Living with Poverty and Dependence in England

Research output: Book/ReportBookpeer-review


This book explores ethnographically moments when the issue of poverty and ‘being poor’ feature in everyday lives and interactions in Harpurhey. The book begins by situating the production of poverty outside the everyday lives of people in Harpurhey to better focus on its lived effects.

The chapters that follow provide a nuanced understanding of what it means for people in Harpurhey to live with poverty. Each chapter provides intimate ethnographic insights into the ways in which relationships are forged, maintained, ended and re-emerge in the context of the lived experience of poverty, and in the knowledge that welfare reforms, public spending cuts and social and political stigma will remain enduring issues for them into the future. The relationships between persons and between persons and the state that are explored in this book are necessarily unstable and contingent. The expression of personal needs, circumstances, moral frameworks and imaginations of the future in an ever-changing post-welfare landscape are at the centre of analysis.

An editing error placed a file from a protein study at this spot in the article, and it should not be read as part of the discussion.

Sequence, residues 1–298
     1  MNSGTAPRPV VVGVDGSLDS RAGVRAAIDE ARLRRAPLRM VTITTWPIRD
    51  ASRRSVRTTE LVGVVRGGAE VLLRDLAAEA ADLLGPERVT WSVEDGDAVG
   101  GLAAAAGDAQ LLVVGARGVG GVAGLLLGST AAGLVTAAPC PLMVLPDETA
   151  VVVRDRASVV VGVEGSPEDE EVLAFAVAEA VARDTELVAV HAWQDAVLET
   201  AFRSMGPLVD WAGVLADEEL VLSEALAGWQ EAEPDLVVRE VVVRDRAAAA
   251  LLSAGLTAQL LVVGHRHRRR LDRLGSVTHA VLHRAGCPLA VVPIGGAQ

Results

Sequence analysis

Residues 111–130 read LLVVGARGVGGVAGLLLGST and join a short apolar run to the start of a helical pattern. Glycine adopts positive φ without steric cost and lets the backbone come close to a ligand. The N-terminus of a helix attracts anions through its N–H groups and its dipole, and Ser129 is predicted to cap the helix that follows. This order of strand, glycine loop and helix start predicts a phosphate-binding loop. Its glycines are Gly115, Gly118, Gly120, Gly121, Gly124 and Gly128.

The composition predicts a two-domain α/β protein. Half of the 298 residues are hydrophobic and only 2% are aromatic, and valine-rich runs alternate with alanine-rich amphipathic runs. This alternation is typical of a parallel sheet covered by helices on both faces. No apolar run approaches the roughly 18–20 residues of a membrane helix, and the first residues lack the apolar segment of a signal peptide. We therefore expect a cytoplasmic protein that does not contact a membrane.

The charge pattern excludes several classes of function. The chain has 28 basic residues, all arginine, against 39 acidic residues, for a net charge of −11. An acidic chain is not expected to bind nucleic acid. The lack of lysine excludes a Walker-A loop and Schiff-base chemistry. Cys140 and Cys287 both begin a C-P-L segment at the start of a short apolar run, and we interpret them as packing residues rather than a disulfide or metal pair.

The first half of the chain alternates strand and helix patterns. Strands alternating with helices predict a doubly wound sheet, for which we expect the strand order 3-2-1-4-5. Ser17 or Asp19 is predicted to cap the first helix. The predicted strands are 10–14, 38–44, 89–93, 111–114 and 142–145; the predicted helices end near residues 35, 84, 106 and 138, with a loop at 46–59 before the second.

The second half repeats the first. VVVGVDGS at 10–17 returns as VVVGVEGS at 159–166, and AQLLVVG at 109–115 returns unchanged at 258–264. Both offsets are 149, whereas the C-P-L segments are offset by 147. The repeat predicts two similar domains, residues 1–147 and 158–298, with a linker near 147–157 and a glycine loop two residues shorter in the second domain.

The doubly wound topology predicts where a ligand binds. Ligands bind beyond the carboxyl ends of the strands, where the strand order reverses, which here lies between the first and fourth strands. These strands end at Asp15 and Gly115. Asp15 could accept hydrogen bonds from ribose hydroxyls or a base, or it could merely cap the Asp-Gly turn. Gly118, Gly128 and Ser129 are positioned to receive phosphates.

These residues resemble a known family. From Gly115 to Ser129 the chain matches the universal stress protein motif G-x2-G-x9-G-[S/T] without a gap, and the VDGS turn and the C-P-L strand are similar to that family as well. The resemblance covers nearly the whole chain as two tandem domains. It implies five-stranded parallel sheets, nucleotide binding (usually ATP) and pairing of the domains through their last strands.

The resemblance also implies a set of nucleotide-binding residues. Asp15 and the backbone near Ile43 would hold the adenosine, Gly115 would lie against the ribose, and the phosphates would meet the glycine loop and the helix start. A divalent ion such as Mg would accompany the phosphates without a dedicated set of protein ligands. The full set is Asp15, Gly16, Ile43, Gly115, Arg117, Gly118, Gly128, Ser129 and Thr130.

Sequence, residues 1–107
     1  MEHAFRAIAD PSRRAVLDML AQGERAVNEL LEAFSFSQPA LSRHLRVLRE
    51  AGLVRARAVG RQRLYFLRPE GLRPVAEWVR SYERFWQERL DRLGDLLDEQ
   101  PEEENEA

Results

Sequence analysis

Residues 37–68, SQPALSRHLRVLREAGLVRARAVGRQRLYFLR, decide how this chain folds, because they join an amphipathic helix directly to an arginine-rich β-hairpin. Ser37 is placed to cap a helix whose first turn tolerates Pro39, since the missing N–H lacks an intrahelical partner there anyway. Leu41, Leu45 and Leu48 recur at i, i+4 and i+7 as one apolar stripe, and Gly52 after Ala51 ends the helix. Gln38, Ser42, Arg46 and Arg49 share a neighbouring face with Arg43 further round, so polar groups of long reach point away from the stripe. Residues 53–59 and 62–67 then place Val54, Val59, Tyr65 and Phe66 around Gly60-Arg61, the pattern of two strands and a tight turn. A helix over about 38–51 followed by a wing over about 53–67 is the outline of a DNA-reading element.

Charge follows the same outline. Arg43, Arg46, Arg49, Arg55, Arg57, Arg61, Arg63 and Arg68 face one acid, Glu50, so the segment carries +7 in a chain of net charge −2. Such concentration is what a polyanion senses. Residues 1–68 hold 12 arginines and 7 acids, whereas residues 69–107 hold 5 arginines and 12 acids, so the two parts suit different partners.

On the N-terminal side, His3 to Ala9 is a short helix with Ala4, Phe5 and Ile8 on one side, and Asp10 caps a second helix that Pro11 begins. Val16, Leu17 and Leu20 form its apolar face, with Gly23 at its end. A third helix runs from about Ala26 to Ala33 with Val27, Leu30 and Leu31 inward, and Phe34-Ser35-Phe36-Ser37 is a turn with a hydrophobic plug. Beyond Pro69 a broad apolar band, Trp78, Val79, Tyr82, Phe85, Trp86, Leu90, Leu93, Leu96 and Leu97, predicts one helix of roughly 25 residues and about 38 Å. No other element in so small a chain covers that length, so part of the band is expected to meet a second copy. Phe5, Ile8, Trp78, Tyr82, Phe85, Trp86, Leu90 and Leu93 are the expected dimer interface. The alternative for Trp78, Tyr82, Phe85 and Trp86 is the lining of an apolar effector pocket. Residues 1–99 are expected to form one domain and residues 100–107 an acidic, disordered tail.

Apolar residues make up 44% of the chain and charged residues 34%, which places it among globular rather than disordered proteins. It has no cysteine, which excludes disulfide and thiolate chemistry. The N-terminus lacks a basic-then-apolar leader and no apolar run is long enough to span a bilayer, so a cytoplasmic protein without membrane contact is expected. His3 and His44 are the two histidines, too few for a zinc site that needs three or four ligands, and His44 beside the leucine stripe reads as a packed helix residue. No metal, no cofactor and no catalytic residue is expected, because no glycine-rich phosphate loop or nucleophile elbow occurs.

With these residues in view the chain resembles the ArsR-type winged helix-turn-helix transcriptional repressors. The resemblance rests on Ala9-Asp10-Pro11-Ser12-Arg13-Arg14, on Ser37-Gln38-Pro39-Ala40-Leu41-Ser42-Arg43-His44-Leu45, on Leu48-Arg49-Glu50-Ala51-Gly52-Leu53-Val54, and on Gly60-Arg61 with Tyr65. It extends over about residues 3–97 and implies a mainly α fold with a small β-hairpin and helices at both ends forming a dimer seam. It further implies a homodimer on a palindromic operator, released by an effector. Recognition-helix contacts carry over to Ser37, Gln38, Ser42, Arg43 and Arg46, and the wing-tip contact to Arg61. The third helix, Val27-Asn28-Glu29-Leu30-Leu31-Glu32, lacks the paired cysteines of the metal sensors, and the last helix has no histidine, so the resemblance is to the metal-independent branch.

Whether individuals are navigating the interstices of the state for (largely) financial support or the intricate interpersonal relationships and obligations they have with each other for moral, social and financial support, the viability of the person to take control over their own assets and futures, and to be recognised in so doing, is paramount to the sociality and moral reckoning of everyday life. By exploring the everyday lives of people who are managing to make ends meet whilst living with poverty, this book asks how poverty and multiple interdependencies are experienced, negotiated and used in the maintenance, dissolution and recuperation of dynamic kinship, and neighbourly and friendship relations of support.
Original languageEnglish
Place of PublicationLondon
PublisherAnthem Press
Number of pages250
ISBN (Electronic)9781839991806, 9781839991790
ISBN (Print)9781839991783
Publication statusIn preparation - 30 Jan 2025


  • poverty
  • welfare
  • welfare reform
  • lived experience
  • neighbouring
  • families
  • friendship


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